Notwithstanding this statutory provision expressly empowering the Board to reduce the number of hours for any or all classified positions, respondent contends that there is no legal authority permitting the Board to reduce the hours of the personnel director. In support of its contention, respondent cites several statutes (§§ 45256 and 45298) and judicial case law relating to “voluntary reductions” of an employee's assigned time in lieu of layoff. Such reductions, respondent states, must be consented to by the affected employee. The cited statutes are inapposite: the consent requirement obviously applies only when a particular employee's hours are being reduced. Here, it is uncontroverted that the position of personnel director was vacant at the time the Board voted to reduce the number of hours allotted to the classification. Plainly, there is no need to obtain consent to a reduction of hours in lieu of layoff from an employee who does not exist.
An opinion from this Division which respondent believes favors its position in fact lends support to the legitimacy of the Board's action in this case. In California Sch. Employees Assn. v. Pasadena Unified Sch. Dist. (1977) 71 Cal.App.3d 318, 139 Cal.Rptr. 633, we were confronted with a situation in which a school board had reduced the working hours of a number of classified employees. The plaintiff in that instance, like the plaintiff in this case, relied upon a 1975 opinion of the state Attorney General (58 Ops.Cal.Atty.Gen. 357) relating to reductions in assigned times and the need to obtain the employee's consent. We wrote, “The Attorney General's opinion is technically correct in stating that the hours of individual classified employees may not be reduced except with the employee's consent in order to avoid interruption of employment by layoff. But the opinion erroneously implies, and plaintiff erroneously leaps to the conclusion, that because such reductions cannot be made except with the employee's consent in lieu of layoff, therefore they cannot be made at all.” (71 Cal.App.3d at pp. 323–324, 139 Cal.Rptr. 633, emphasis in original.) We thus rejected the concept that there is no way for a school district to accomplish the objective of reducing the time assignments of employees within a classification for reasons of economy or lack of work.
Similarly, in California School Employees Assn. v. King City Union Elementary School Dist. (1981) 116 Cal.App.3d 695, 172 Cal.Rptr. 368, the court of appeal followed our conclusion in the Pasadena case, noting that the statutes are “by clear implication ․ calculated to protect individual employees who voluntarily accept reduction in hours of employment or assignment to a lower employment class or grade in their seniority rights vis-a-vis other employees. It does not purport to prevent, without consent, temporary or partial (as here) layoffs of an entire class for lack of funds.” (116 Cal.App.3d at p. 704, 172 Cal.Rptr. 368, emphasis in original; see also Short v. Nevada Joint Union High School Dist. (1985) 163 Cal.App.3d 1087, 1097, 210 Cal.Rptr. 297.)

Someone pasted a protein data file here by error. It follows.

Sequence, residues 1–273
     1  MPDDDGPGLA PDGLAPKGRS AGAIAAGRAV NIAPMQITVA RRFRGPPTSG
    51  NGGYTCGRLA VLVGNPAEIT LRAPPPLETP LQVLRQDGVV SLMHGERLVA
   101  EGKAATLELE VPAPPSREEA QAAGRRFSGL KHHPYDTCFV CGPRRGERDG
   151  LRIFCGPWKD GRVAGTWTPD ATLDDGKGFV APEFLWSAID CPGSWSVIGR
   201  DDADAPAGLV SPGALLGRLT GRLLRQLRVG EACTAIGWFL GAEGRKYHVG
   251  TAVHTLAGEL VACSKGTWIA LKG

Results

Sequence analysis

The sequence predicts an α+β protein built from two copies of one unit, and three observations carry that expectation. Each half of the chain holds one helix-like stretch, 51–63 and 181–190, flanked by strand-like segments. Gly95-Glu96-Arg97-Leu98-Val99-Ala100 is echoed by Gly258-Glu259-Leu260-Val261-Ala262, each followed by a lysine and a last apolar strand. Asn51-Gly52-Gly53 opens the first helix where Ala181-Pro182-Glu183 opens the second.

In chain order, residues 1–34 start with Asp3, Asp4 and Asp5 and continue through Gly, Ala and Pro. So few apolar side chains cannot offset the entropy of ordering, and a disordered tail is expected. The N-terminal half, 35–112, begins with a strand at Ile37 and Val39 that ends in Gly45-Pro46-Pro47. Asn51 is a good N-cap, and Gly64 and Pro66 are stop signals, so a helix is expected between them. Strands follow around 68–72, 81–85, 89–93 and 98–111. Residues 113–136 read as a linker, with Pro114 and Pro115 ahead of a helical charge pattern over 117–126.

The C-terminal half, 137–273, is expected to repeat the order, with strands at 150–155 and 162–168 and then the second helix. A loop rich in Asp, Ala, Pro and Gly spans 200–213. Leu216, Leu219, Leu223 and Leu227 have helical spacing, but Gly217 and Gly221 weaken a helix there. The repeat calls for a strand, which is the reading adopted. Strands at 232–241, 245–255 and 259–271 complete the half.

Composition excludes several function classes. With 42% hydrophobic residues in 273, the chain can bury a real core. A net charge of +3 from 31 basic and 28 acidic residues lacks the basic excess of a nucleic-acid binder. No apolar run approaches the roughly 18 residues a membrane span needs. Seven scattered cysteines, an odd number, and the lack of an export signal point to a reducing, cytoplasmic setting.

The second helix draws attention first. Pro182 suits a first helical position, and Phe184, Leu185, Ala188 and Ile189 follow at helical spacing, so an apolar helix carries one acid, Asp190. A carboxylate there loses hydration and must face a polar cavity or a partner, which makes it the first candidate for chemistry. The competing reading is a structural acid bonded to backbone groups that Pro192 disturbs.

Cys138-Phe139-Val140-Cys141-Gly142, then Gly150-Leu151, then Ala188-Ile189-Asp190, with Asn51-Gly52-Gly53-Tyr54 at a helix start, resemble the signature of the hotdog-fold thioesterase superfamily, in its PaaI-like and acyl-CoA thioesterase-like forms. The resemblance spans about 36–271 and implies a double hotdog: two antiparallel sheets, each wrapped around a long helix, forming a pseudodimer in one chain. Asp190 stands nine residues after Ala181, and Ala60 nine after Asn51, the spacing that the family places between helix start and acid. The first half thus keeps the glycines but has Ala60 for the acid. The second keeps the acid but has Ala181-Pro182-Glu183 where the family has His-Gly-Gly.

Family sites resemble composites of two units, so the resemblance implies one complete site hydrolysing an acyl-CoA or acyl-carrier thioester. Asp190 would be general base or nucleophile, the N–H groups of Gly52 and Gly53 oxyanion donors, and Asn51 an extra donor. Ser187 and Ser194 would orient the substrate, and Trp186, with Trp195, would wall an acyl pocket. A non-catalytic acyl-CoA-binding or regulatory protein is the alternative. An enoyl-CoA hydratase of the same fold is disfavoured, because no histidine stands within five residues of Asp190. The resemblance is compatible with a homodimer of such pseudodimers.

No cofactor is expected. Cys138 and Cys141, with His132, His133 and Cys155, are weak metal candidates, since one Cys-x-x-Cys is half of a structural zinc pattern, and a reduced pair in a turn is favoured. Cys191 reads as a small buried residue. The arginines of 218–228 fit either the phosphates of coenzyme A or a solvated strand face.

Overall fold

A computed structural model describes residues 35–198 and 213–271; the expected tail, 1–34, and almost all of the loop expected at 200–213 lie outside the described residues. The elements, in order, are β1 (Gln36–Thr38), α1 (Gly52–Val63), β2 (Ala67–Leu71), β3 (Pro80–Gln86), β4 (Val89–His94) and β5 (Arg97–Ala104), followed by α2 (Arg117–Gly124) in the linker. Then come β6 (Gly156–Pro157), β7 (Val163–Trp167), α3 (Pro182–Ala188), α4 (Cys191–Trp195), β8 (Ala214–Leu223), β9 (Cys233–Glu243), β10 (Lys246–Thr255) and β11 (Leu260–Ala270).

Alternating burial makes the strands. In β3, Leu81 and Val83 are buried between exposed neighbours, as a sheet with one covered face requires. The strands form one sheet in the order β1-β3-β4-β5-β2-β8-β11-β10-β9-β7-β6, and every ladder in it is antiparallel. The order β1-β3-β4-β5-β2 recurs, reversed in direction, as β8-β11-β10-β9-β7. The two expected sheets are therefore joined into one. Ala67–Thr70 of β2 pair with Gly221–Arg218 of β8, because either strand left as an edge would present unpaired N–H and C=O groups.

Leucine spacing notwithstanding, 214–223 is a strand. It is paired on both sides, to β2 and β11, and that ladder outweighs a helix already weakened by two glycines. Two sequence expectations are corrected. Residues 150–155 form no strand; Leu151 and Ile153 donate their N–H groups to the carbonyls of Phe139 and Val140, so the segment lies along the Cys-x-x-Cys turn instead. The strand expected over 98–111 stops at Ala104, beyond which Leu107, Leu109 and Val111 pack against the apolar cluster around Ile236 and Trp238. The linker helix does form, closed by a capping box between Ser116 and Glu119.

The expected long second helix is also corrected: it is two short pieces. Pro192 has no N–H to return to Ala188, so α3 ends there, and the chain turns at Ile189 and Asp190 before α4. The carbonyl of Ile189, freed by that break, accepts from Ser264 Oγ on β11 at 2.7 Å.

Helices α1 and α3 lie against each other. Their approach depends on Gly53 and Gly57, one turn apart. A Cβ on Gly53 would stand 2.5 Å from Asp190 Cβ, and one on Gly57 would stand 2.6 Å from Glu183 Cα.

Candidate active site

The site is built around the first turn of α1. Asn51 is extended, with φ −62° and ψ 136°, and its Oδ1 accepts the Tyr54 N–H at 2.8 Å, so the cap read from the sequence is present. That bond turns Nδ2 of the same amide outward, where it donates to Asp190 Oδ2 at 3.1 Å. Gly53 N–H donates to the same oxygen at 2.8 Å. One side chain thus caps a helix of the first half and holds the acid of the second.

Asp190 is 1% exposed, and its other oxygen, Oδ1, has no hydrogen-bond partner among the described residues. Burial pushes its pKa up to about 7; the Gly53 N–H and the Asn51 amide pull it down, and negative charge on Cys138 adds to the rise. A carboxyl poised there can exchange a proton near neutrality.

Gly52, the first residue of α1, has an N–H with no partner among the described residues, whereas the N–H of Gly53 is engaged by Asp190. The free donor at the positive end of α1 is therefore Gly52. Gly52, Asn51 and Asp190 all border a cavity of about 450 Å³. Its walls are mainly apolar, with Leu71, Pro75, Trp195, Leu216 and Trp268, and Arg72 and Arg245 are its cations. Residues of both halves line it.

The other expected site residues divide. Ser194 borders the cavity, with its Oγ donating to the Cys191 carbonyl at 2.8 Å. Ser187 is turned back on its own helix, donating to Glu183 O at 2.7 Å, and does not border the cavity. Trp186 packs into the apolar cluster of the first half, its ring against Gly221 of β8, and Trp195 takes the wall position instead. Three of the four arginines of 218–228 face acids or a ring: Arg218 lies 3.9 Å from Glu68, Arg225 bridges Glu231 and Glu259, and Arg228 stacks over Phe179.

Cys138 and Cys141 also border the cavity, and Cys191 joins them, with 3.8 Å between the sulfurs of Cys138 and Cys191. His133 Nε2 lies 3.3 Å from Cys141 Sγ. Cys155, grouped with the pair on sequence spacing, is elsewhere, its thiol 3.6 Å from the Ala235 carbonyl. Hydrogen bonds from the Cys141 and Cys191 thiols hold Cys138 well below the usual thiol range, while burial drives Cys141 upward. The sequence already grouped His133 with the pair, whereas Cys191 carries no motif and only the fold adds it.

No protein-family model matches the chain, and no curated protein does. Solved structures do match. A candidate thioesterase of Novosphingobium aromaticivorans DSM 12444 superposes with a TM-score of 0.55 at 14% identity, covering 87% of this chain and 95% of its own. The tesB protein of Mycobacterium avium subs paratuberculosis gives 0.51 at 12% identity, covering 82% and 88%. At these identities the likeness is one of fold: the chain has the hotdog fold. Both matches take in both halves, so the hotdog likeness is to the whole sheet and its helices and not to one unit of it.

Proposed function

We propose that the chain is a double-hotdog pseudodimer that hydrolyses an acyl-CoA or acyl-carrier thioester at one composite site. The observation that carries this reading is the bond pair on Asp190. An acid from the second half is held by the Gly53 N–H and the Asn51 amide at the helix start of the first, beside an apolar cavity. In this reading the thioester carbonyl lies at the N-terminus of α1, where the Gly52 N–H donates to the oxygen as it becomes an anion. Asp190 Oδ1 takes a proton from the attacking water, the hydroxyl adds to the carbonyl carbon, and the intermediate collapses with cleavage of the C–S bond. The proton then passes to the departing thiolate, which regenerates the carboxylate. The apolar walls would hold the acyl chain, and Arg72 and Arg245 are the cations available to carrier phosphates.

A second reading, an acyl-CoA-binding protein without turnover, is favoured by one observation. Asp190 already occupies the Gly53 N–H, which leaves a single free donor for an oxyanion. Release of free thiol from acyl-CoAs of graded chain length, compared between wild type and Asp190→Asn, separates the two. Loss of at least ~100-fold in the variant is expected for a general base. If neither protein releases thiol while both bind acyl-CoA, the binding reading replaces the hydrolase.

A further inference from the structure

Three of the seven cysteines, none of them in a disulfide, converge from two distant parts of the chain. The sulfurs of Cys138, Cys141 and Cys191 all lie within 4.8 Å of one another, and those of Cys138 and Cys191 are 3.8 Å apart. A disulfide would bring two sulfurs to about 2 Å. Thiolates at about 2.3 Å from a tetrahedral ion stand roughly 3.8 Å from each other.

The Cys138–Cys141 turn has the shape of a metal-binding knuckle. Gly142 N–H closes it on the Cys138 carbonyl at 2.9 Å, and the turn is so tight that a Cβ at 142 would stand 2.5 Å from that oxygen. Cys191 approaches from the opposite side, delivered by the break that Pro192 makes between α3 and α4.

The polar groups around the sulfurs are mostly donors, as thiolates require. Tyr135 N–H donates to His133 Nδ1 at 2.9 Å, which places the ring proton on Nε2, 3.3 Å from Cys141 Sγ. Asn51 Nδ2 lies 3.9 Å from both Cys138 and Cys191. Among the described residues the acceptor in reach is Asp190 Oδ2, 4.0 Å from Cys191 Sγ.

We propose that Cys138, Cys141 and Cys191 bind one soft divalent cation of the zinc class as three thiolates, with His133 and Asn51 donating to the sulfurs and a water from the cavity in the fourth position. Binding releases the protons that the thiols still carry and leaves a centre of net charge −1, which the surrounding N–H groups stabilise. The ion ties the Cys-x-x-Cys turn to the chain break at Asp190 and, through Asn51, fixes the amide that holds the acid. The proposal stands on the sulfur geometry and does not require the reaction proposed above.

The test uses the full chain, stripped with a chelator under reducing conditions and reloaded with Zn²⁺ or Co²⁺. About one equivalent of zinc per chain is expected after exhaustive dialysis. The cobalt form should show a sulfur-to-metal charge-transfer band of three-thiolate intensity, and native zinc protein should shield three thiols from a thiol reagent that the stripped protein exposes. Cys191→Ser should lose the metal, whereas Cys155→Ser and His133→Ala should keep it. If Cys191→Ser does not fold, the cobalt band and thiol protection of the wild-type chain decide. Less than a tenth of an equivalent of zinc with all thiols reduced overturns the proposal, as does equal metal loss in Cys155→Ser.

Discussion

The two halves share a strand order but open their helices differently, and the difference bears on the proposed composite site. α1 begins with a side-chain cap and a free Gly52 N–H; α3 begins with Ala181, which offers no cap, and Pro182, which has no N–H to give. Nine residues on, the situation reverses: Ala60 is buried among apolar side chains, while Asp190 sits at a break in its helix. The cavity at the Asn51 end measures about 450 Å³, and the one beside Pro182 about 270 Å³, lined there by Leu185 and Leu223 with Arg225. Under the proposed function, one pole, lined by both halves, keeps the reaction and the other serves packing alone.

The Commission takes its misleading argument a step further when it asserts that the Board's action was illegal because the Commission alone has the final say in determining on appeal whether there were sufficient grounds for suspending, demoting or dismissing any employee in the classified service. (§§ 45305 and 45306.) The Board did not suspend, demote or dismiss any employee in this instance: it simply reduced the hours for a classification which was vacant. Sections 45305 and 45306 do not apply to the facts presented here.
Finally, respondent contends that the Board's reduction of the hours worked by the personnel director will “destroy the Commission and the merit system.” Respondent is overstating the threat to the merit system. The Legislature has ensured the autonomy of the Commission by expressly providing that Commission members are not employees of the school district, and that members of the Board may not be members of the Commission. (§ 45244.) The Legislature did not, however, see fit to accord a similar status to the personnel director, whose job is administrative. (§ 45266.) Rather, the personnel director has been accorded the status of a classified employee. Respondent categorizes the director's status as an “employee” as a “red herring,” and urges that the director be treated differently from all other employees. There is no statutory basis for requiring that the Board treat this particular employee differently. In the absence of contrary authority, the Board has the power under section 45127 to reduce the hours of any vacant classification in the merit system without obtaining consent from anyone. This rule applies without exception, even to the personnel director, who is literally and technically in a class by himself.
Our conclusion is, of course, limited to the general facts of this particular case. We have decided only that the Board is by law generally authorized to reduce the position of personnel director to half time. When, as here, the Board has this power, we may not inquire into the reasons for its exercise so long as the Board acts in good faith and is not seriously injuring a significant public interest. (Lewin v. St. Joseph Hospital of Orange, supra, 82 Cal.App.3d 368, 384–385, 146 Cal.Rptr. 892.) Quite a different scenario would be presented if the Commission were to file a petition alleging specific facts which tend to prove that the Board had acted in bad faith and that its reduction of the personnel director's hours was seriously affecting the Commission's ability to carry out its duties pursuant to the provisions of the Education Code. If the Commission's ability to function were to be compromised by the Board, a significant public interest would be affected, and judicial intervention might be authorized. No such facts are presented by this appeal.
The judgment is reversed. Each side to bear its own costs on appeal.
1. By contrast, had the Board taken action intended to affect the rights of a specific individual, it would have been acting in a quasi-judicial manner, and Code of Civil Procedure section 1094.5 would apply.
2. All statutory references are to the Education Code unless otherwise indicated.
BOREN, Associate Justice.
LUCAS, P.J., and ASHBY, J., concur.